This Wine with Chili article is based on lots of experimenting to find pairings we like best and can recommend for you. So if you are a wine lover like me, don’t let someone tell you only beer can pair well with chili! We cover some of our favorite wine pairings for chili along with some general tips to keep in mind.
Sure, many people might lean toward beer with chili. But for those of us who prefer to drink wine with our dinner, there is a quest to fine wine that pairs well with chili. This article on with with chili, initially developed in February 2019, captures results of our pairings experiments.
Recently the Wine Pairing Weekend group explored “Wine for hard to pair foods”. I was too busy to get something new published, but I figured it would be a great time to update this article.
Why is chili hard to pair with wine?
The primary challenge pairing wine with chili is the spice level. Many wines will not work well with spicy food. For instance, Cabernet Sauvignon might typically be a good pairing for a beef dish, but the tannins in a Cab are likely to clash with the spice of chili.
Of course, chili comes in a range of spices and ingredients. A wine perfect for a meaty chili con carne might not be the optimal choice for a white chicken chili.
Most chili recipes have tomatoes, adding acidity which also needs to be factored in with the pairings.
Chili pairing tips
While the spice and acidity can pose some challenges, a range of options will work, depending on the chili recipe you are using and your own palate. A few general ideas to keep in mind:
- Fruit forward red wines with lower tannins will tend to work better, particularly if you are keen to open a red.
- Lower alcohol wines tend to be more food friendly, especially when dealing with a challenge like chili. However, a well made wine with higher alcohol, such as a Zinfandel we have tried successfully, can work if it is fruit forward.
- Try rosé and sparkling wines as an alternative to red. This strategy can work especially well for a chili that doesn’t use beef, such as our black bean turkey chili.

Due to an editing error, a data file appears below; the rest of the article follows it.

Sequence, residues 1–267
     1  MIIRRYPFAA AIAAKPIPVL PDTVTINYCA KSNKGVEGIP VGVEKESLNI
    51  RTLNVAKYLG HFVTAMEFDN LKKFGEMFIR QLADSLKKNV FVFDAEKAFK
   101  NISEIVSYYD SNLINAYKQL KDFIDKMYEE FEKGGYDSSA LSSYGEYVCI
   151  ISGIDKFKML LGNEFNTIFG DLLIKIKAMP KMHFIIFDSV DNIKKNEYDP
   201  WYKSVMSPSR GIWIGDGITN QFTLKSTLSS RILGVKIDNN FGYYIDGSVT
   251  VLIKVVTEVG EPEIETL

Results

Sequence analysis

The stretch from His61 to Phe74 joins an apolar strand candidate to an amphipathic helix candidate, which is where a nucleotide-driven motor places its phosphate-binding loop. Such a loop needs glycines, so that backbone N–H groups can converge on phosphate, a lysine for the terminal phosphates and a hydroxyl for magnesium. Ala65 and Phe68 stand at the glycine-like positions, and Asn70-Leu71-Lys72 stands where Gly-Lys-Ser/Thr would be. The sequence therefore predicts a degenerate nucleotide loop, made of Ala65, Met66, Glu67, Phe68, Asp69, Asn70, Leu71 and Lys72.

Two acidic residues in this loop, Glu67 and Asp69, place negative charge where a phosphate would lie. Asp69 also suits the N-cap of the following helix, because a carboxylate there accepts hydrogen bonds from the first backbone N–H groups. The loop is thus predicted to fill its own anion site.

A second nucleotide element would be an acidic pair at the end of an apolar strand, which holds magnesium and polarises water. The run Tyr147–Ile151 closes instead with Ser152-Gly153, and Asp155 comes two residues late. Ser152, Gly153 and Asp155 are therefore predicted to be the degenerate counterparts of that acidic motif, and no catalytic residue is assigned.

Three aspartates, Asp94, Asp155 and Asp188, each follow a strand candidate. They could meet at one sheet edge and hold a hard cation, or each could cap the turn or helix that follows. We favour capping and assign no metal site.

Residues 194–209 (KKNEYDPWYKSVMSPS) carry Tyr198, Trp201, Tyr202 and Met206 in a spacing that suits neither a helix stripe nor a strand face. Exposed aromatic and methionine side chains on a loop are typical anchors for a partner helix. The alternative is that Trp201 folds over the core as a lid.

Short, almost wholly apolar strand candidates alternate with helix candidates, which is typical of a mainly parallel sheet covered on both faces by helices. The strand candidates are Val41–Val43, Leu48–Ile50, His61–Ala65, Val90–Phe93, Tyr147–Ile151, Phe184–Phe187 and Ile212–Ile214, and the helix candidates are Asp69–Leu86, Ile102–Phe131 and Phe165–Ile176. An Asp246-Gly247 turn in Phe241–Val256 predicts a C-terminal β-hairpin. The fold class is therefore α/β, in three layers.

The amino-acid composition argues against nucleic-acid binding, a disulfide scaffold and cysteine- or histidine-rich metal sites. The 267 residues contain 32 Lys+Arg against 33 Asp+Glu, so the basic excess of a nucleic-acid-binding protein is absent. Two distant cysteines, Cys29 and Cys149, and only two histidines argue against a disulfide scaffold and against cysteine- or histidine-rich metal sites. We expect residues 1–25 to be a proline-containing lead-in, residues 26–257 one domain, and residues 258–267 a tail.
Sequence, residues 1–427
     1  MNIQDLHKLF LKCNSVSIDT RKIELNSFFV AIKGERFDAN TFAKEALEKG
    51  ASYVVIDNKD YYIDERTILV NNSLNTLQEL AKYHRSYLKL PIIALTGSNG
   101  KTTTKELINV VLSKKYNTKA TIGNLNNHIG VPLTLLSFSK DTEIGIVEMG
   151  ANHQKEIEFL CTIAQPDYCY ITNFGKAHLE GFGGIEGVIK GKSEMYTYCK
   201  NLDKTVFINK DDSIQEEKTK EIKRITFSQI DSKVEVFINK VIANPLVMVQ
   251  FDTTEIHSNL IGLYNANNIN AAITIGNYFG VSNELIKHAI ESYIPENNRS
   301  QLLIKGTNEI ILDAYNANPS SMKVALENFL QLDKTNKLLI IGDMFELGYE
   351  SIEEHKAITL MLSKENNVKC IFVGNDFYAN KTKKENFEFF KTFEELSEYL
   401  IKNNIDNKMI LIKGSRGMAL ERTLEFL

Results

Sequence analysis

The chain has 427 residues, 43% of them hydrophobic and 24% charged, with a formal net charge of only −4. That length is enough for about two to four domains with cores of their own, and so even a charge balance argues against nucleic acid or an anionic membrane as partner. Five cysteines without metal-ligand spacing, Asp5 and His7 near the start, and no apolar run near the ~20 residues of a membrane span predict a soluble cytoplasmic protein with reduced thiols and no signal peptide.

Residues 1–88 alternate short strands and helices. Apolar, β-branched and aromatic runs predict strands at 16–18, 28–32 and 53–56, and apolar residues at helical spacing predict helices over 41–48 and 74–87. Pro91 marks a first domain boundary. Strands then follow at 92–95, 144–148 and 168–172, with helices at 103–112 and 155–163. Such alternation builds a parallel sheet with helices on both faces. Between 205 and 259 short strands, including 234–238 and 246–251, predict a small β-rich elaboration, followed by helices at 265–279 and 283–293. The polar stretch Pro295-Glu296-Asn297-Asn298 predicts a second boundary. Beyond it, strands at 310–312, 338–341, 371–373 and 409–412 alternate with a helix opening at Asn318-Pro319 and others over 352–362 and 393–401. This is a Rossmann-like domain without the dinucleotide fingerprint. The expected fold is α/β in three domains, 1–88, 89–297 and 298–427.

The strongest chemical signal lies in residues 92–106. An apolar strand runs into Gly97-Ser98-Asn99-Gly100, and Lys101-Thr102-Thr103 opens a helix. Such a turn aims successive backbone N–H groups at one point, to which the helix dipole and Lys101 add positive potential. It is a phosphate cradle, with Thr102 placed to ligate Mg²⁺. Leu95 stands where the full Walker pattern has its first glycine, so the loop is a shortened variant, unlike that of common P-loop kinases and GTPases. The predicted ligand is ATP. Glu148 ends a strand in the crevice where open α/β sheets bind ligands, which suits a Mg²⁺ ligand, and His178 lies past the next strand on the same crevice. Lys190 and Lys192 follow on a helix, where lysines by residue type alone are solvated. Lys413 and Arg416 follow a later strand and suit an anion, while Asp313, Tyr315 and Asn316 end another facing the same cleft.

- Moderate the spice in the chili recipe if enjoying a glass of wine with your chili is a goal. If you have your heart set on a five alarm chili, you might want to go for a good IPA craft beer!
- Experiment! There are no hard and fast rules. Experiment with your own pairings, and let us know what you find.
You might find some similarities between these tips and what we offered when talking about wine pairing for enchiladas!
Red wine options
What red wine can you serve with chili? I’ll start with a quick overview of picks from my own experimenting and input from colleagues
- Zinfandel that is fruit forward.
- Tempranillo (the grape featured in a Rioja)
- Saperavi – a common red grape from Georgia (the country), we enjoyed a good low tannin Saperavi from Moldova with our Ground Beef Chili. We also have enjoyed a Saperavi from Georgia with our Hatch Chili with Turkey, as we discussed in the post on amphora wines.
- Syrah with its peppery notes gets some frequent mentions as a chili pairing, and you could also try it with chili as part of a GSM (Grenache / Syrah / Mourvedre) blend.
Although I generally wouldn’t tend to recommend a Cabernet with chili, due to the tannins, I did really enjoy the L’Ecole Cabernet Sauvignon with some chili mac and cheese I cooked up earlier this year. Seems like the cheese and macaroni diluted some of the strong spice and acidity that make Cab not a go to chili pairing. I need to write up this recipe!
Rosé and sparkling wine
Martin from ENOFYLZ Wine Blog first turned me on to the idea of trying rosé with chili, and I am now a fan! Look for a medium to full bodied rosé to go with chili. As I discuss more below, the Pure Loire Rosé d’Anjou was the first rosé I enjoyed with chili.
Sparkling wines can work nicely, too. I might not open an expensive Champagne to go with chili, but a good value bubbly can be a good option. We enjoyed a Cremant d’Alsace with chili, for instance. See our Best Food Pairings for Cremant for more ideas on pairing with this style of wine.
I don’t have a lot of typical white wines to recommend with chili. I did test out a Gewürztraminer, but that didn’t work out as well as I thought it might.